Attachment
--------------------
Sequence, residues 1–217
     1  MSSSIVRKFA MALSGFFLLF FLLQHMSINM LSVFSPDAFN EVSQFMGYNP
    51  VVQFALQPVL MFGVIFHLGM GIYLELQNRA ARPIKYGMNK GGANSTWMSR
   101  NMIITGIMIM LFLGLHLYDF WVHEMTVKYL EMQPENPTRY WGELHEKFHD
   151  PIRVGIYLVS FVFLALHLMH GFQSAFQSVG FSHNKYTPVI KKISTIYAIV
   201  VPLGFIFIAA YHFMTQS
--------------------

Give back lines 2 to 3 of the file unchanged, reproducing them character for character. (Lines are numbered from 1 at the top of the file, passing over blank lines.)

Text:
     1  MSSSIVRKFA MALSGFFLLF FLLQHMSINM LSVFSPDAFN EVSQFMGYNP
    51  VVQFALQPVL MFGVIFHLGM GIYLELQNRA ARPIKYGMNK GGANSTWMSR